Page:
Finally, to find the transformation from (F R ) to (F W ) we use the following relationship:
$$ \left[\begin{array}{c} x_{w} \\ y_{w} \\ 1 \end{array} \right] = {^{R}T_{W}} \times \left[ \begin{array}{c} x_{r}^{tran} \\ y_{r}^{tran} \\ 1 \end{array} \right], $$
here the transformation matrix R T W is defined as
$$ {^{R}}T{_{W}}= \begin{bmatrix} cos(\theta_{r}) & -sin(\theta_{r}) & x_{r} \\ sin(\theta_{r}) & cos(\theta_{r}) & y_{r} \\ 0 & 0 & 1 \end{bmatrix} $$

where (x r ,y r ,θ r ) are the position and heading of the robot obtained by the Extended Kalman Filter (EKF) (La et al. 2013a).


Bridge deck image stitching and monitoring

Bridge deck image stitching

For the ease of bridge deck inspection and monitoring, we combine taken photos into a single large image as shown in Figure 6. This is a specific case of the general image stitching problem. In image stitching problem, camera motion is unknown and not constrained and intrinsic camera parameters can change between the given images. In our specific problem of bridge deck surface image stitching, we benefit from constraints we know to exist due to the nature of the problem and the setup of the hardware system. We have two identical cameras that simultaneously take images of different but overlapping areas of the bridge. Also the robot’s estimated position each time a photo is taken is known with the help of onboard sensor fusion based EKF (La et al. 2013a).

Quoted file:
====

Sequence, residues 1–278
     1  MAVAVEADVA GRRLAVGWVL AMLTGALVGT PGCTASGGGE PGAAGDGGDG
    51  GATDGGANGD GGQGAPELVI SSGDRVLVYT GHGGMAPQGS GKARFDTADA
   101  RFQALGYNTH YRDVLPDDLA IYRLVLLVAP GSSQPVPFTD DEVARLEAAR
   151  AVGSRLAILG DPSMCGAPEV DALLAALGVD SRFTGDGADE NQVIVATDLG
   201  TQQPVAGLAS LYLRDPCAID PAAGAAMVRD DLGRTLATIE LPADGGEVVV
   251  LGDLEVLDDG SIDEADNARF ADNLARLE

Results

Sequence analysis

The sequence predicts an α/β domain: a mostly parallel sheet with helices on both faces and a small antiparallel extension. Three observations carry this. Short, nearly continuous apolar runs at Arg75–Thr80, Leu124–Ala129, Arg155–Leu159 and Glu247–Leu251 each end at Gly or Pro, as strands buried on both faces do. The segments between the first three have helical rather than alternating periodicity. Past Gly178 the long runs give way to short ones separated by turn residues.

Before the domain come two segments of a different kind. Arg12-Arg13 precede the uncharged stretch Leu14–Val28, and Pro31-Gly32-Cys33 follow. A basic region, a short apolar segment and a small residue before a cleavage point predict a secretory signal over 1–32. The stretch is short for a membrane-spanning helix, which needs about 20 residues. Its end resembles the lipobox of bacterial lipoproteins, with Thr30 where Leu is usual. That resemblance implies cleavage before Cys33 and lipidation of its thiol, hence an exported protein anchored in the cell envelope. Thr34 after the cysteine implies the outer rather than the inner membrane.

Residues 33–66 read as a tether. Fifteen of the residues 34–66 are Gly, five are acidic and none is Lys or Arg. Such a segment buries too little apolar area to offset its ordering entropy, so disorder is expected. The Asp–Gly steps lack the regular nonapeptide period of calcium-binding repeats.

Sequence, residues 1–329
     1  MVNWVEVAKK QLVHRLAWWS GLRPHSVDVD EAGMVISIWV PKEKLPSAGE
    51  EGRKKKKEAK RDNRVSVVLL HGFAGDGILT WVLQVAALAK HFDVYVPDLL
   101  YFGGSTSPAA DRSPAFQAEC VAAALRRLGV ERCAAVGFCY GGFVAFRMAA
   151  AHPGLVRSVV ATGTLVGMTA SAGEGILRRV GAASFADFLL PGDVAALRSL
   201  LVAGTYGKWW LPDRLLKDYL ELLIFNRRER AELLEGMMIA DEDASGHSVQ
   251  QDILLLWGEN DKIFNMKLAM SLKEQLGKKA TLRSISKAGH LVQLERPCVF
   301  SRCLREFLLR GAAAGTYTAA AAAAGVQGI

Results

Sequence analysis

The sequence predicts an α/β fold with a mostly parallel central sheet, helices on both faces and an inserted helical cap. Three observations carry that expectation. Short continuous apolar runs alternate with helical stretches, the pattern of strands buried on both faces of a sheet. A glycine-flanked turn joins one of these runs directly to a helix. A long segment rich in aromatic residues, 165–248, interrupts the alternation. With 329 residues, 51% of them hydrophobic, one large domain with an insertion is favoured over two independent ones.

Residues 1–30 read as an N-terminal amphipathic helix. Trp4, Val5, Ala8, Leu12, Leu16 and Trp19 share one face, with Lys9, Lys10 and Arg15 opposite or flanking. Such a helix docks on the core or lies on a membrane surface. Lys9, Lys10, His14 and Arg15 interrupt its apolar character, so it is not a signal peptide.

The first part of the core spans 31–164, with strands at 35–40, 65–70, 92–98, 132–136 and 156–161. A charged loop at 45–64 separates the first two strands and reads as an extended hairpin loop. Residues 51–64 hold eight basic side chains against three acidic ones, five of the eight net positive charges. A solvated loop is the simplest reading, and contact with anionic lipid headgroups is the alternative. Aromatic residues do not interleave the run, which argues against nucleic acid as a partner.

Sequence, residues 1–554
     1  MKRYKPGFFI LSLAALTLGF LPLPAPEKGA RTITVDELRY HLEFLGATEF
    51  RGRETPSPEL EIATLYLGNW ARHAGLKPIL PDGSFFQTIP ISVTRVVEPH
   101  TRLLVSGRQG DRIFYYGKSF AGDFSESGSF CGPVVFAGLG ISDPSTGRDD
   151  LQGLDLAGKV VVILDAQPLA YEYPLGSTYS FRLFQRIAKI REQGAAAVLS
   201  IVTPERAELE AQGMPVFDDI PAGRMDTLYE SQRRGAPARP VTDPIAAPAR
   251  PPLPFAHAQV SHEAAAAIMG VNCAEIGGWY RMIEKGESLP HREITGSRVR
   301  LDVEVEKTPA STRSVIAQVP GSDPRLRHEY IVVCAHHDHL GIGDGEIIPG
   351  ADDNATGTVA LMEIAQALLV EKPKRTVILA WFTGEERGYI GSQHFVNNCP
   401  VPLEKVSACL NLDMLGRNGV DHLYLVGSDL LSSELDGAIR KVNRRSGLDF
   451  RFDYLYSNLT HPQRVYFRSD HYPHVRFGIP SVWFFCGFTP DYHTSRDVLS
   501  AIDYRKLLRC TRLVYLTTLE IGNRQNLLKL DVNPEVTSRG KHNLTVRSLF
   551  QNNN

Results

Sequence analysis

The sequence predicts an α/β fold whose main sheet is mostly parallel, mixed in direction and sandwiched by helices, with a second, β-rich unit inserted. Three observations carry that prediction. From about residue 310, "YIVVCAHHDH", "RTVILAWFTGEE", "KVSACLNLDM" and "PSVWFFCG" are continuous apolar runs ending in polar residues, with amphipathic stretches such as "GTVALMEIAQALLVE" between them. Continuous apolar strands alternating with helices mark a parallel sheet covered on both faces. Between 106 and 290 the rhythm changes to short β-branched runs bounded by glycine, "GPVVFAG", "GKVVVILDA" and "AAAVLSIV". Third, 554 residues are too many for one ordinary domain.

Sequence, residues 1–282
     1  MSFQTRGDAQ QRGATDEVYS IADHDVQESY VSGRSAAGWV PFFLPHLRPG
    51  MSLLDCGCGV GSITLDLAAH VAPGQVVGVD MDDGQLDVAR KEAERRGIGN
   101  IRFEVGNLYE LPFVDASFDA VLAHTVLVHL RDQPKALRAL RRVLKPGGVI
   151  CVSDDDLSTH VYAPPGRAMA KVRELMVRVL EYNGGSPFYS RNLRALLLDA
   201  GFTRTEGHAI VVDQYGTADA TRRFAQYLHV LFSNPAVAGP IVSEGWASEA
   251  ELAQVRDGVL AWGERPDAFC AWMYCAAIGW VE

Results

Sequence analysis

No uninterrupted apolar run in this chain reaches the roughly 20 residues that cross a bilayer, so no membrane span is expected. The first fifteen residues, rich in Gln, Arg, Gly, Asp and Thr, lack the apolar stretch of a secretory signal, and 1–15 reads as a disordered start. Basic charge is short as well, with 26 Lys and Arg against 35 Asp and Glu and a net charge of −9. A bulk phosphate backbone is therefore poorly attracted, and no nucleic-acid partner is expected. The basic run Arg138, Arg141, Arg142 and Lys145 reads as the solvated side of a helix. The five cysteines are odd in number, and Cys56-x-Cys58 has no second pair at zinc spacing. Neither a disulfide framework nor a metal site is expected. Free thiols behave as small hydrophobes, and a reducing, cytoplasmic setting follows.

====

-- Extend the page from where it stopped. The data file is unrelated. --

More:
Figure 6

The result of image stitching from 5 images.

The two facing-down surface cameras (Canon EOS Rebel T3i, 16 MPixel) are mounted on two computer-controlled pneumatic rods (Figure 5). The resolution of the cameras is up to 5184 ×3456 pixels. These two surface cameras are extended out of the robot footprint area when the robot starts the data collection. Each of the cameras covers an area of a size of 1.83m×0.6m. The images simultaneously collected by these two cameras have a about 30 % overlap area that is used for image stitching as shown in Figure 7. Use of flash can be necessary to obtain shadow free and well-exposed photos and in our system cameras are set to auto-exposure and auto-flash modes. Intrinsic calibration of the cameras is made separately and the camera parameters are used to undistort the acquired images. Extrinsic calibration of the camera pair consists of finding the relative location of left camera with respect to right camera.
Figure 7

Projection of mobile robot coordinate and two camera field of views (FoVs) to an XY plane.

Motion estimation